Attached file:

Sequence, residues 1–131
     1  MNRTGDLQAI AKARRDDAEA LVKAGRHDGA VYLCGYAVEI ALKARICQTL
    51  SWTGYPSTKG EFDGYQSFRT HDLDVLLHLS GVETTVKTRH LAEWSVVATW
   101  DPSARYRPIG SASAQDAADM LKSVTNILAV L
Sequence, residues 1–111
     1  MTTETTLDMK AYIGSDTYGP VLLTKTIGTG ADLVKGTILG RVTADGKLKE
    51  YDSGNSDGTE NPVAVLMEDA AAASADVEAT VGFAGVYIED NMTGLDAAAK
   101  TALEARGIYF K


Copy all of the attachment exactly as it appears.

Sequence, residues 1–131
     1  MNRTGDLQAI AKARRDDAEA LVKAGRHDGA VYLCGYAVEI ALKARICQTL
    51  SWTGYPSTKG EFDGYQSFRT HDLDVLLHLS GVETTVKTRH LAEWSVVATW
   101  DPSARYRPIG SASAQDAADM LKSVTNILAV L
Sequence, residues 1–111
     1  MTTETTLDMK AYIGSDTYGP VLLTKTIGTG ADLVKGTILG RVTADGKLKE
    51  YDSGNSDGTE NPVAVLMEDA AAASADVEAT VGFAGVYIED NMTGLDAAAK
   101  TALEARGIYF K